Boredom Busters

Boredom Busters

Giving dogs outlets for barking, digging, chewing, dissecting, humping, and counter surfing results in a more relaxed dog and less naughty behavior. And by happy coincidence, this also results in happier, more relaxed owners. These techniques will also serve us well when our dogs start spending time alone again.

Work to Eat

Toys that are labeled treat dispensers should be labeled meal dispensers. Here are my favorite puzzles and bowls for keeping your precious nugget busy and slowing down their consumption.

Tricky Treat Ball by Omega Paw was one of the first work to eat toys for dogs and is still my favorite. Galen really enjoyed his when he was a puppy. Just don’t get water inside the hole.

Bob-o-Lot by Star Mark is another one of my longtime favorites.

Slo Bowl by Outward Hound Kyjen was a game changer for me. Our dog eats when we do, and having a food bowl that slowed him down made keeping him on his mat at meal times much easier.

Kongs, glorious Kongs are my go to for so many situations like crate training or trips in the car. I fill mine with canned food and once the dog gets used to eating out of them, I fill them and then freeze them. Enjoy.

Trick Training

Emily Larlham’s Kikopup YouTube channel made her famous, but if you’re feeling a lack of creativity in your own trick training, try these on demand videos by Emily: The Art of Trick Dogging or 101 Ways to Think Outside the Box

Digging Pit

I built Galen a digging pit when he was a puppy and he dug right next to the thing. That’s why you might want to hide treats and toys in your pit like I had to. That should make your dog want to dig there again. Supervise your dog and lure them back to the pit in the beginning. Go out on your own and restock the digging pit so there’s always something to find. I use this technique for scent training too. When will Galen find a truffle anyway?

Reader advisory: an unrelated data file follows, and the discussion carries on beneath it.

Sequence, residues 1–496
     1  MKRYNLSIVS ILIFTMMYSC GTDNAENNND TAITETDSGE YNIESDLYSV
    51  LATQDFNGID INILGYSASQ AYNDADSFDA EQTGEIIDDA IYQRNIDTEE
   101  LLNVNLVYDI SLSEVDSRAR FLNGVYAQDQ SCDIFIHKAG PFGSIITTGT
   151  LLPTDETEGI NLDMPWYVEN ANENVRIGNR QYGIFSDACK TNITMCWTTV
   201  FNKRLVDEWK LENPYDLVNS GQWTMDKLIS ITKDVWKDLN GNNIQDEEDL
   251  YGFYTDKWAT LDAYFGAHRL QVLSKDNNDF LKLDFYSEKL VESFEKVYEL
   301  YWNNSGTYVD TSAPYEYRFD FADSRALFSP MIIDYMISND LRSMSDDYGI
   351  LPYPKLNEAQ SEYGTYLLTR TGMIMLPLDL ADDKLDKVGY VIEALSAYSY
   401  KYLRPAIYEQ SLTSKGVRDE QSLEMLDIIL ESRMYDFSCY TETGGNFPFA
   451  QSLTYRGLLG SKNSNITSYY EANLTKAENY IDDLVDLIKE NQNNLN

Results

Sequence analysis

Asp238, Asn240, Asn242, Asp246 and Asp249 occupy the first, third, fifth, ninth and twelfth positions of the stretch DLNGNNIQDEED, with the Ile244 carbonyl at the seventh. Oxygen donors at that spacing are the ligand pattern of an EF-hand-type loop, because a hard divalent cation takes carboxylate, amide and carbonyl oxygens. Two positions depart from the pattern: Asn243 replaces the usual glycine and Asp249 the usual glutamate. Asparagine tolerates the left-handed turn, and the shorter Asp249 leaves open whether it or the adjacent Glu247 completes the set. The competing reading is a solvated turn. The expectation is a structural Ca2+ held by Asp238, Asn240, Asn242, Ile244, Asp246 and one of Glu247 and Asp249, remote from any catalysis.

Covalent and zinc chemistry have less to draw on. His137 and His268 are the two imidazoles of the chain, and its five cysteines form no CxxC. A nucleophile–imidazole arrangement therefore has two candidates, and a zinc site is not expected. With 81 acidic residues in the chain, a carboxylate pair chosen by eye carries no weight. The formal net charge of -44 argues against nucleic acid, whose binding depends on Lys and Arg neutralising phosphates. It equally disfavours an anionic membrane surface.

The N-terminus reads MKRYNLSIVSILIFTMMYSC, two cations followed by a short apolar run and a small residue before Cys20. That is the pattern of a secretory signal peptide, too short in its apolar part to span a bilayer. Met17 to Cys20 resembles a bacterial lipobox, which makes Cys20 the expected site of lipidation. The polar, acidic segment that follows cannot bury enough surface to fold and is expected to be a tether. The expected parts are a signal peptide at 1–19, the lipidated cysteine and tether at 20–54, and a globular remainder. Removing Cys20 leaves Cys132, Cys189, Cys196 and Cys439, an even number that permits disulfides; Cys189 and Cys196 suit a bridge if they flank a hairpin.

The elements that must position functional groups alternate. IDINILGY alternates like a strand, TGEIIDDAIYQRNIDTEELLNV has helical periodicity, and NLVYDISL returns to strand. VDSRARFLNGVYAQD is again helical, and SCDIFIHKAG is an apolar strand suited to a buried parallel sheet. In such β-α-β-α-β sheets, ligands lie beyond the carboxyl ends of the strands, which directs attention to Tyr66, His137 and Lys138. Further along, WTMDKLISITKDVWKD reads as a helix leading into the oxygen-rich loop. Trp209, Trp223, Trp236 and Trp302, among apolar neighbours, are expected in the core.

Tug and Flirt Pole

There’s a lot of DIY information out there about braiding your own tugs, and making your own flirt poles. Tug is most useful for teaching your dog to be careful with their mouth, and flirt pole is fantastic for leave it training when done well. I love when I get a two for one.


Stuffed Kongs are the safest and most economical solution, but where would the world be without other options? Here are the Pros and Cons.

Bully Sticks are yummy and dogs love them. The cons are that they don’t last very long for most hard chewers, and dogs should be supervised to ensure they don’t choke on that little nugget of bully stick they get down to. They’re expensive and kinda smelly so there you are. What we do for love.

Himalayan Chews are safe, environmentally friendly, and fall somewhere between bully sticks and deer antlers in terms of yummy factor.

Antlers are safe, even for super chewers, and last nearly forever. The big con with these is most dogs aren’t that interested in chewing on them.

Raw bones are safe, nutritious, and most dogs love them but raw bones? Seriously messy. That’s why I train dogs to stay on their mat when they have a bone. That, or take it outside.

Get Creative!

Food dispensing machines give us so many additional options for enrichment and training. We use primarily the Treat and Train, but for barking problems, the Pet Tutor is more effective.

Freeze treats like bits of jerky and cheese in water or chicken broth for a summer cool down dogcicle.

Scatter your dog’s kibble around the yard then let them out to hunt down their dinner like the self respecting predator/scavengers they are, or are supposed to be anyway.

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